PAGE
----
Rock Fishing on the Isles of Scilly

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A two week holiday with the family in the Isles of Scilly recently provided the perfect opportunity to brush up on my saltwater fly fishing. I knew my “go to” approach on the rocky marks around the Scillies would inevitably involve lure fishing primarily followed by float fishing, but it made sense to take along the fly rod too. The only other time I’ve caught sea fish on the fly to date has been in the Scillies the year previously, so I knew it was the perfect location if the weather behaved itself.

We were to be taking the Scillonian to the islands, to save money and ensure we wouldn’t struggle with luggage allowances – especially important as alongside my fishing gear I had to bring along wetsuits and towels and all the other beach paraphernalia that a children’s beach holiday entailed. We weren’t looking forward to the journey as the ferry has a well deserved reputation as being vomit inducing even in calm weather given its shallow draft and tendency to roll somewhat. A serious storm on the day we were due to sail led to the boat being cancelled and we were rescheduled for the following day. Thankfully the whole family it seems has good sea legs like myself, and we all successfully braved the roller coaster ride through heavy seas for the 3 hour duration. Many of the other passengers didn’t fare quite so well….

Despite the lost day and delayed start to our trip we were then blessed with pretty good weather for the rest of the fortnight. In amongst the exploring and beach trips, as well as visits to other islands I was fortunate enough to manage to sneak in quite a few fishing sessions even if they were often of a short couple of hour duration.

The main technique inevitably ending up being the lure rod. Being a multi piece travel rod with a nice crisp light action it was not only a pleasure to fish with but easy to carry around when we visited other Islands. Paired with a small fixed spool reel loaded with 15lb braid this made for a really fun set up which I mostly used rigged up with a cone lead, worm hook and jelly worm fished weedless setup. This over the holiday accounted for the vast majority of both pollack and wrasse. None of which were particularly massive but the wrasse especially put a good bend in the rod. Given that most of my sessions during the two weeks were short, I couldn’t justify sitting watching a float for that long, so really didn’t give it much of a go this time, other than to tease out a couple of wrasse on float fished limpet.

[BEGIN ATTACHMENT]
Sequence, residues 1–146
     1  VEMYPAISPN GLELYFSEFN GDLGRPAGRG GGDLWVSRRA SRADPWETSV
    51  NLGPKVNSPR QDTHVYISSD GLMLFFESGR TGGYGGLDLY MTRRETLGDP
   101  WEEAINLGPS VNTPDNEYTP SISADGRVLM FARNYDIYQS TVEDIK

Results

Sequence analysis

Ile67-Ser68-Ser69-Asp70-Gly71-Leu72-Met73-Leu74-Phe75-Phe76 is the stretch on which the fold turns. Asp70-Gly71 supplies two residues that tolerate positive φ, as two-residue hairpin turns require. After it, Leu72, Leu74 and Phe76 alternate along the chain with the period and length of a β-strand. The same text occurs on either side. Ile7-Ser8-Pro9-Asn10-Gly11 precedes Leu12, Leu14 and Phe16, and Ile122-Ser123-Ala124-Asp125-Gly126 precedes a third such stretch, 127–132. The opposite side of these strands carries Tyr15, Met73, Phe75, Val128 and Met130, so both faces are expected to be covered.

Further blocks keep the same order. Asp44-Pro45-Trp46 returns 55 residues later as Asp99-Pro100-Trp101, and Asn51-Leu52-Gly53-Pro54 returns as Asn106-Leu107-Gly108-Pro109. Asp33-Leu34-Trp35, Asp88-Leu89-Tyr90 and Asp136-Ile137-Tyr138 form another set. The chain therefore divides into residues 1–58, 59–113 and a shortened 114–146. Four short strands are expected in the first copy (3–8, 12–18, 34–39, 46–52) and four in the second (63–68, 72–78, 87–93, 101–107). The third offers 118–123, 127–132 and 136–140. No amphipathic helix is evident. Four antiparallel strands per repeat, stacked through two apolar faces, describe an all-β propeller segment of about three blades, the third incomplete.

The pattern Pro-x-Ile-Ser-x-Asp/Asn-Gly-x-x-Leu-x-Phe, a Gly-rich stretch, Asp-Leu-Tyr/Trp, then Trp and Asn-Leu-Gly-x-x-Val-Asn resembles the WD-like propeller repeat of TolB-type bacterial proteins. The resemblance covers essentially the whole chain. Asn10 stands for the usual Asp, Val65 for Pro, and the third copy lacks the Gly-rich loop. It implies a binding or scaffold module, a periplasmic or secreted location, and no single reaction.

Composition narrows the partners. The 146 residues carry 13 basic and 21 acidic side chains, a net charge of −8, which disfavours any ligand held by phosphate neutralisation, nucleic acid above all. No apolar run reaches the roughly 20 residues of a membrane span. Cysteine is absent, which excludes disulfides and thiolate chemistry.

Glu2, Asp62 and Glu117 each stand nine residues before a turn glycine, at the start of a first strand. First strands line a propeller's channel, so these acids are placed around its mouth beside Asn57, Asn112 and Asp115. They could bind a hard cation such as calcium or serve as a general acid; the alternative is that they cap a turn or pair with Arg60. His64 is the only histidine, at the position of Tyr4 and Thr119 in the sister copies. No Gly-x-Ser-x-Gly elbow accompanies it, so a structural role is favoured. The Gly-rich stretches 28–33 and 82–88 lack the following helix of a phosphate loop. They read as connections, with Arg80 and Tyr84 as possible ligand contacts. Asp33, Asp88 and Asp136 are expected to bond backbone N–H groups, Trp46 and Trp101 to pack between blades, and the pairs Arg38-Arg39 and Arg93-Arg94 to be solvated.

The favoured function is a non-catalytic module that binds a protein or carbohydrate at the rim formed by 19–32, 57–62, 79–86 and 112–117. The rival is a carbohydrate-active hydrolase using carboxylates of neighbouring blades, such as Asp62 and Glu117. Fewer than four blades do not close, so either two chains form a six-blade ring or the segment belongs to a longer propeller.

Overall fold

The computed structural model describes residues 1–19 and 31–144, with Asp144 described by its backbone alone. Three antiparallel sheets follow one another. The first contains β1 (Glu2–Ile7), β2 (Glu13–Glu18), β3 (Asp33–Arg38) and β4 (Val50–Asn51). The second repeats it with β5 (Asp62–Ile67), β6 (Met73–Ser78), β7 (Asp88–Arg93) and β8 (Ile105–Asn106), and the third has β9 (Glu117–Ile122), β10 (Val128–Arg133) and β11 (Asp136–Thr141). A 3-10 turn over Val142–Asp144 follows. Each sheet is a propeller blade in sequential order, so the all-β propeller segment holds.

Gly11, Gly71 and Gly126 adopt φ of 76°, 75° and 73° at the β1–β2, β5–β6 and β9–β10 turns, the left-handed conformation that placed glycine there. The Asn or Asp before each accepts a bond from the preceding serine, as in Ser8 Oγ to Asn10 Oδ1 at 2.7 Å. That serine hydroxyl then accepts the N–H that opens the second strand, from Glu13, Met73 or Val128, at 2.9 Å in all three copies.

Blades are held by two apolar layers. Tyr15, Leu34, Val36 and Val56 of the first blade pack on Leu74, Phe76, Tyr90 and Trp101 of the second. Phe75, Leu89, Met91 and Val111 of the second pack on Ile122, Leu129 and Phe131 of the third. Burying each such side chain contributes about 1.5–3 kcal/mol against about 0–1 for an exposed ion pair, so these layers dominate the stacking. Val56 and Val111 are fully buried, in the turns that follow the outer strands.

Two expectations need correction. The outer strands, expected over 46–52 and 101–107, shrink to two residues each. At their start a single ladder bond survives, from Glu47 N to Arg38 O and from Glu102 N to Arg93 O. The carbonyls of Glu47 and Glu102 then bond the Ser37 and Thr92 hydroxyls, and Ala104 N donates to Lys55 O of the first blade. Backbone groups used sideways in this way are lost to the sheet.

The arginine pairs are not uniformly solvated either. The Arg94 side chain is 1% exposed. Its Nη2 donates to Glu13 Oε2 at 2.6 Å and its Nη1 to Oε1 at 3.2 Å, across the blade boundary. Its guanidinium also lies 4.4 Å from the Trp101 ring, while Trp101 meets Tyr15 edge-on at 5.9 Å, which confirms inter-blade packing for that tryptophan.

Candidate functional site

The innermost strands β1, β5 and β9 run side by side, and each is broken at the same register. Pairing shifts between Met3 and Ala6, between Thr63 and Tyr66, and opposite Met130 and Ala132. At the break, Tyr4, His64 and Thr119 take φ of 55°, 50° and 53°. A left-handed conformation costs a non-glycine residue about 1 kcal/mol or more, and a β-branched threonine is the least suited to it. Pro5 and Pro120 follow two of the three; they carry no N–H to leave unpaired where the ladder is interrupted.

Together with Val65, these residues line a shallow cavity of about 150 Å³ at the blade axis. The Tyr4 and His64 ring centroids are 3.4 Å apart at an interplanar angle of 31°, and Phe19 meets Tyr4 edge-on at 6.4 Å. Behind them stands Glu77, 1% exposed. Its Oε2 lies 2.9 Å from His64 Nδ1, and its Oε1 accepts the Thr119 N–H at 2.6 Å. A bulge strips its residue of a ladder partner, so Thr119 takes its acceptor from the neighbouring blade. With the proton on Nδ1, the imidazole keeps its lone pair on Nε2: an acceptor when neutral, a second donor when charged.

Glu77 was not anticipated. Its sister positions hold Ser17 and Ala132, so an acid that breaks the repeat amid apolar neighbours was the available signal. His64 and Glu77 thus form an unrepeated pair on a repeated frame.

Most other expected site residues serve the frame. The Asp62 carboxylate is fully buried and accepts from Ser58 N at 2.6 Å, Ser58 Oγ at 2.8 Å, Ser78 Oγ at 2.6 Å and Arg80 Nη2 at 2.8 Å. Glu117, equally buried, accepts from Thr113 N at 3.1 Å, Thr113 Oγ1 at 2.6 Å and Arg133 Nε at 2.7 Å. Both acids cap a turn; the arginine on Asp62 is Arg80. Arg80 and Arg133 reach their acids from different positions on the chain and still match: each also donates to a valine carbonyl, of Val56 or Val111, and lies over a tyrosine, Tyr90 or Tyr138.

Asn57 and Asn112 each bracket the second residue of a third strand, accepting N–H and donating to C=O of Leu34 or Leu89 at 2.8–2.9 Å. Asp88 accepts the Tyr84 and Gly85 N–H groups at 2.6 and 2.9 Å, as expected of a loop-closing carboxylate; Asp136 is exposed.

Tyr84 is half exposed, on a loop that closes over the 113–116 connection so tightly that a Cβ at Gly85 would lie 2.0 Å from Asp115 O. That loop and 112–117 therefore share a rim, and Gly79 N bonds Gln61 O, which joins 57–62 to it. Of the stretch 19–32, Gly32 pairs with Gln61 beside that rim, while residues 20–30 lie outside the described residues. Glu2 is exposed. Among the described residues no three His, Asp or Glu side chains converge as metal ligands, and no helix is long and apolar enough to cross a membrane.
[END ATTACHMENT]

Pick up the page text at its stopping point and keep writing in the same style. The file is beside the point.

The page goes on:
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With the jelly worm I tried crushing down the barb on the hook after the first few fish, to make the hook effectively a barbless hook. I use barbless hooks all the time for freshwater fishing and really found it so much easier, quicker and kinder to the fish when unhooking the wrasse in particular. Couldn’t say it resulting in me losing any fish and the benefit of the ease of unhooking really made it a no brainer when lure fishing. Thats not to say I’ll be using barbless hooks for the rest of my sea fishing in future, but for lure fishing where I would expect to be keeping a tight line and generally feeling for a bite, there really seems to be no downside as far as I experienced.

When it came to fly fishing, I had brought my Greys #8 rod – not because I thought I’d need anything that heavy, but more because being a 4 piece rod it was most transportable. That and I didn’t want to ruin any of my other rods / reels on the rocks and salt water. I’d also decided to bring a reel loaded with a shooting head set up. This was to be the first time I’d tried a shooting head and I have to report being really impressed with it – whilst it may of lacked a little finesse it made up for this with the ease with which I could get a reasonable distance. I made the shooting head myself from a mill-end #10 intermediate line, cut down as per instructions found in a quick google search, along with a braided mono running line. For a tippet I just used 6-8 foot of 10lb fluorocarbon. The braided mono running line allowed a nice smooth transition to be formed between fly line and running line. It all seemed to work perfectly well and I have no complaints with it.